When CEOs and heads of state meet on September 23 at the UN Climate Summit in New York, two questions will guide the discussion:
How can company goals and investments match the level of action suggested by climate science?
How can business deliver clear messages to governments to develop strong policies?
At the summit, executives from major companies will be asked to make new commitments to contribute to national and regional action to curb global warming and minimize the economic risks that go with it. That means informing and supporting ambitious country-level climate change policies in advance of a pivotal UN climate meeting next year in Paris.
Companies are invited to learn more, submit feedback, and road test a draft methodology for science-based target setting. This feedback will inform the development of the final methodology. More information is available at the project website.
WRI is contributing to two publications as part of the UN’s Caring for Climate business leadership initiative, and these will be distributed to participants at the New York summit’s Private Sector Forum. CEOs will receive a short summary of a new project that’s developing guidance for companies to set science-based targets to reduce their GHG emissions.
Companies—and the countries in which they do business—must set a path that matches the science. Small improvements to business-as-usual are not enough. Although some companies have set rigorous GHG reduction targets, by one count, only 5 percent of corporate sustainability goals are currently based on science.
Note: Emissions data and supporting information are available here.
Beyond their own goals for sustainability, companies can influence political will. Policy makers listen closely to CEOs and are sensitive to business views of economic risk and opportunity. Too often, governments hear only from companies protecting their status quo, not from others who recognize the need to create clear market rules and understand the costs of policy uncertainty.
But public expectations of companies are changing. General Mills and Kellogg’s, at the urging of Oxfam and consumers, recently joined the Business for Innovative Climate and Energy Policy (BICEP) coalition and committed to be leaders on climate change.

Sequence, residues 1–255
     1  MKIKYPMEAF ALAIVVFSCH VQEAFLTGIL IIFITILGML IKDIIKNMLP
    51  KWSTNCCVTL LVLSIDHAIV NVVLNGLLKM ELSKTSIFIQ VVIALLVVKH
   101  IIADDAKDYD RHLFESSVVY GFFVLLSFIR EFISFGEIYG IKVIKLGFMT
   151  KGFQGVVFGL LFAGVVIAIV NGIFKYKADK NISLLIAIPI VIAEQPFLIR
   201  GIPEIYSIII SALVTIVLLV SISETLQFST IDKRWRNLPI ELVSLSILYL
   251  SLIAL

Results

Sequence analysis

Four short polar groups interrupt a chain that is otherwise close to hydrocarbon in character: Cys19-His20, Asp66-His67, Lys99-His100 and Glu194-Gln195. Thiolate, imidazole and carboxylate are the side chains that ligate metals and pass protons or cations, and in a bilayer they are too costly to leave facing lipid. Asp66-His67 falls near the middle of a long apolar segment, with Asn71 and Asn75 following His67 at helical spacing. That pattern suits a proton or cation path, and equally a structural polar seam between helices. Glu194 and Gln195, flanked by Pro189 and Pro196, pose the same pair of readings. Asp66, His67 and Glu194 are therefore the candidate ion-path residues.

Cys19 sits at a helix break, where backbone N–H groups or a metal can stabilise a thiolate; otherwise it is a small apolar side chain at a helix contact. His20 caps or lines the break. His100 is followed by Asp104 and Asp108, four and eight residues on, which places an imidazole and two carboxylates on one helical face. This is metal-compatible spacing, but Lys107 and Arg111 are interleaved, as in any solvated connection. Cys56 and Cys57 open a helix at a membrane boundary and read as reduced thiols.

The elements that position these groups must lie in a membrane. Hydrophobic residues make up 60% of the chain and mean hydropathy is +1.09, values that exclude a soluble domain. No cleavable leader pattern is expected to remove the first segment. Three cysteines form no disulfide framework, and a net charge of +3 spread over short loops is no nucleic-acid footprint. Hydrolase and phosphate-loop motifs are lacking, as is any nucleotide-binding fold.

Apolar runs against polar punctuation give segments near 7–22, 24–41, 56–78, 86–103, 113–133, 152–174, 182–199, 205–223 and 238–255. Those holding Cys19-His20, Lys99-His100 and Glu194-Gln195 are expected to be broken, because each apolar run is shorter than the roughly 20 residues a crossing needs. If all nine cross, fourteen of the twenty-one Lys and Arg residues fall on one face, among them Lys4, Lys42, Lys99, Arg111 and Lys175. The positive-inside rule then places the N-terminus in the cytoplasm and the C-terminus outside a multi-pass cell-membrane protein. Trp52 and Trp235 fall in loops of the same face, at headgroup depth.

Encouragement for business to commit to climate action is also coming from international institutions—and from companies themselves. The World Bank and the UN’s Caring for Climate initiative, for example, are rallying private sector leaders to express support for a price on carbon emissions. Broad coalitions, such as We Mean Business, are also announcing and voicing private sector support for strong climate policy.
This kind of attention on climate leadership makes it increasingly important for business to deliver a consistent message to government. That includes a company’s indirect influences, such as trade associations that lobby on behalf of members. Recently Unilever and Microsoft opted to leave trade groups because of conflicting views on climate and energy policy.
Fortunately, there is now clear guidance on what companies can do to demonstrate responsible engagement on climate policy. CEOs at the climate summit will receive an executive brief based on the Guide for Responsible Corporate Engagement in Climate Policy. This guide clearly defines a way for companies to engage governments credibly and transparently on climate change issues and is the joint product of WRI and seven other major organizations (UN Global Compact, UNEP, UNFCCC, Ceres, CDP, The Climate Group, and WWF).
What CEOs and heads of state must keep in mind as they head into the climate summit is that any delay will have a price. They must resolve questions about how companies will set targets, value investments, and advocate for climate policy. Even just a few years’ delay could double the costs of action, requiring more than $1 trillion in extra investments. Now is the time to act.